There is an online platform whose main objective is to get people to start reading again. Actually reading. When Medium launched in 2012, the minimalist layout offered up just one font for any text published on its site in an attempt to bring the focus back to the words and less to all the extras that surround articles on a page today. When Twitter co-founder Evan Williams realized how much Twitter had changed the way people communicate on the internet, he also found that it was limiting, to 140 characters exactly. In an attempt to lengthen the conversations, he went back to his original incubator Obvious Corporation to launch a site that could change the way people communicate, yet again.
Medium’s platform is a writer’s heaven and they hope it will become their haven. The white space that presents itself when posting an article is open and inviting. While Twitter allows people to exchange words, Medium allows them to have conversations. A response to an article becomes a new post and can be just as long, if not longer, than the original post. This freedom to not just reply, but to develop and build upon thoughts and ideas is what Medium thinks has been missing from the readers’ experience online. Williams has expressed his hope that the platform will become a place where “ideas and people build off each other,” a thought that is paralleled in Twitter’s origins and traces all the way back to Williams’ first big tech project, Blogger.
But unlike these, Medium’s founder sought to create not just a different product but a different company. Since its early days, Medium has been structured as a company run by self-organizing teams rather than a traditional management hierarchy, very similar to the theory of Holcracy. Although there are managers at Medium, the flat, open structure is intended to allow roles to be distributed evenly in order to instill autonomy within individuals. The Medium offices have classes in yoga and meditation to encourage a culture of mindfulness and to encourage teams to stay nimble and work efficiently. Each Tuesday night, employees gather for “jank and drank” sessions, where they can have a drink and work in a relaxed setting with each other, often tackling bigger projects that may have been languishing in the day-to-day. Although Medium does not subscribe to Holcracy in the traditional sense, all employees are still given freedom to speak and resolve issues without any traditional corporate constraints.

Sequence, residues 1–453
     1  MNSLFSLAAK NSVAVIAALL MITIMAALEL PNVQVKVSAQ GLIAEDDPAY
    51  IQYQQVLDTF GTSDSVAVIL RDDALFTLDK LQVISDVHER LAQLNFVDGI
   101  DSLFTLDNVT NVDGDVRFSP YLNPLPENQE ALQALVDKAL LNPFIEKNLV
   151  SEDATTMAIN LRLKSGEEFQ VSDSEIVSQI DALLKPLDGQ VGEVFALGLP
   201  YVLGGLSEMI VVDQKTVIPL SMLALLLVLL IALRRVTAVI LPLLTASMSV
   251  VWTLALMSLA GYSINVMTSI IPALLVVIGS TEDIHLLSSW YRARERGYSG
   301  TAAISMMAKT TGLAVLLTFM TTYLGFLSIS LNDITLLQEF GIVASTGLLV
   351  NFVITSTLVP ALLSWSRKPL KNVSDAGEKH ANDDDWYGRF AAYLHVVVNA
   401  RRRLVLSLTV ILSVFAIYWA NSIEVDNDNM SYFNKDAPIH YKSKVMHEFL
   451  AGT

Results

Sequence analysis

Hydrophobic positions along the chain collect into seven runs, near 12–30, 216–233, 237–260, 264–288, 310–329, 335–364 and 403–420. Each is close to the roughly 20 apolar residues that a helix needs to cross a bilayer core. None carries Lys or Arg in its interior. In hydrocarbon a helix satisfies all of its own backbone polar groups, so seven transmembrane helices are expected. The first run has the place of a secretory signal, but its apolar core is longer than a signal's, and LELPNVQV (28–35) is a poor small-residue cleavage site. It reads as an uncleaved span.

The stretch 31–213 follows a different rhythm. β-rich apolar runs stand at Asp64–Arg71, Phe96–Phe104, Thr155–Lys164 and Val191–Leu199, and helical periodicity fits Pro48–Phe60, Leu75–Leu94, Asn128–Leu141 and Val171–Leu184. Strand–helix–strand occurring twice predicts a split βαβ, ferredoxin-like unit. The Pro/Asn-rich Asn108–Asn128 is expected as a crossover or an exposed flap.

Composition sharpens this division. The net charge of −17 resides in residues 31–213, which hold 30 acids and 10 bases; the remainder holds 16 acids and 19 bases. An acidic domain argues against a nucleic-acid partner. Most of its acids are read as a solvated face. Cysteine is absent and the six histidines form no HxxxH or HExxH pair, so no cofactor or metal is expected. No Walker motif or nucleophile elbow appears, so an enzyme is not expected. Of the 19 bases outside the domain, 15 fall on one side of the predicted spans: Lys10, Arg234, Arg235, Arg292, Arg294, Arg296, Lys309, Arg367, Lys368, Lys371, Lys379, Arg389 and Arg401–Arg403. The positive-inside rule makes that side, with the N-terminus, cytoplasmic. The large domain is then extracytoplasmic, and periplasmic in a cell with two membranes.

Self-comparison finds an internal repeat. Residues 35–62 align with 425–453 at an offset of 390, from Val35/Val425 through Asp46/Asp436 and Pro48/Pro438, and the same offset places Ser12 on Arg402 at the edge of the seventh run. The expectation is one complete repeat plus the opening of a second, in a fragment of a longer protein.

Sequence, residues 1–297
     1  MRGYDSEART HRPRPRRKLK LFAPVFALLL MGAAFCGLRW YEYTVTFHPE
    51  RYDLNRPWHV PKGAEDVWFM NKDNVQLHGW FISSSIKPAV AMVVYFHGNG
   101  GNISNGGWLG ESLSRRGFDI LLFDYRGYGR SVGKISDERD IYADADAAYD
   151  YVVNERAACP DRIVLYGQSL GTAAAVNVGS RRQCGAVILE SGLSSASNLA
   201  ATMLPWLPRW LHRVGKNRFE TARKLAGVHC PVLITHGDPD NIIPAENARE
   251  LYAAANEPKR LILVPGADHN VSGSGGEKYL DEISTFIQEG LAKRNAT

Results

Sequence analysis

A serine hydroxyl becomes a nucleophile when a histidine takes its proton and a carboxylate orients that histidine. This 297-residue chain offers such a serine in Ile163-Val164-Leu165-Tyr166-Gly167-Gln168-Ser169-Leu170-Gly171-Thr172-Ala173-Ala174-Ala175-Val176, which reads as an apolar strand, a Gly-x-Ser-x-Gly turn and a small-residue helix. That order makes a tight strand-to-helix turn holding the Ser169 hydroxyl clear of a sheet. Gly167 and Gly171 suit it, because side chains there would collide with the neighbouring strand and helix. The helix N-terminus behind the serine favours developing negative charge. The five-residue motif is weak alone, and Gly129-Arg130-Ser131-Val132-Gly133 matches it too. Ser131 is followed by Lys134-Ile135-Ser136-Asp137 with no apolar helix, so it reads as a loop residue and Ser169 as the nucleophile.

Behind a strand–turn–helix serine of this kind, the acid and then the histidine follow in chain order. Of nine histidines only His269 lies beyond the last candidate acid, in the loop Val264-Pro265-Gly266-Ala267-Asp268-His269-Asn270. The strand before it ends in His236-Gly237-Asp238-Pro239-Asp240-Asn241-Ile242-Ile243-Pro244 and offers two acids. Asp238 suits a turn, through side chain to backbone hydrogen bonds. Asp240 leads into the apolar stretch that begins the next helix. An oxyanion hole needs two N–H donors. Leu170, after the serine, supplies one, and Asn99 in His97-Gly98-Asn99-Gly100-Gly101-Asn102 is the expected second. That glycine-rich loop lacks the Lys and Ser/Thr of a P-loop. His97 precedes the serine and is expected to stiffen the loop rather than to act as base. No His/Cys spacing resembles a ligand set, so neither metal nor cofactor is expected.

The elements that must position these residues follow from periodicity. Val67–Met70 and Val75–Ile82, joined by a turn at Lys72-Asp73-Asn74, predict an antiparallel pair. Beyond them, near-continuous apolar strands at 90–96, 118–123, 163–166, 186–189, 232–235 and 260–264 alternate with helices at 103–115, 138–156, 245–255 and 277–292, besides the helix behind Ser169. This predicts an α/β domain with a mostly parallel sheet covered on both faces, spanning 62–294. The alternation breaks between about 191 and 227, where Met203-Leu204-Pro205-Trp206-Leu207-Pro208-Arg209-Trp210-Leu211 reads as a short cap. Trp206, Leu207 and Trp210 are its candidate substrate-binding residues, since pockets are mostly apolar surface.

One of these employees is Joy Chen, an engineer at Medium’s headquarters in San Francisco. With a degree from MIT and two internships at Google under her belt, Joy joined the company in 2014 and has watched the company, and her love of writing, grow. Even though most of her work is based on servers, web-clients, Android, and data pipelines for user-facing stats, Chen is deeply impacted by the writing she finds on Medium, stating that her interest in “mythology, religion, and how the language we use and stories we tell influence how we model the world and make meaning out of our lives.” This is Joy’s day at Medium.
Can you describe the culture at Medium?
We’re approximately what you’d expect of folks building a platform for everyone to read, write and share ideas. We work hard, care about our words, and create with a mind for timelessness and meaningful interaction. You can roughly bucket us into computer-people, product-people, media-people, and people-people, but we’re very collaborative and share similar values. We move fast and highly value thoughtfulness and empathy in the product and each other.
How is it different than other company/companies you’ve worked for?
My favorite thing is that there are few enough of us that I know everyone by face and name! As an “individual contributor”--- what we call people who aren’t responsible for other people --- I interact daily with a team of about 3 to 10, and regularly discuss (or just show off…) stuff I’m working on with the whole company. We’re at a great stage where we have a good core product, but we’re always looking for the next most valuable thing for us to work on, and we’re nimble about moving people around internally to reach our goals. Over time, I get to work with lots of different people on different things.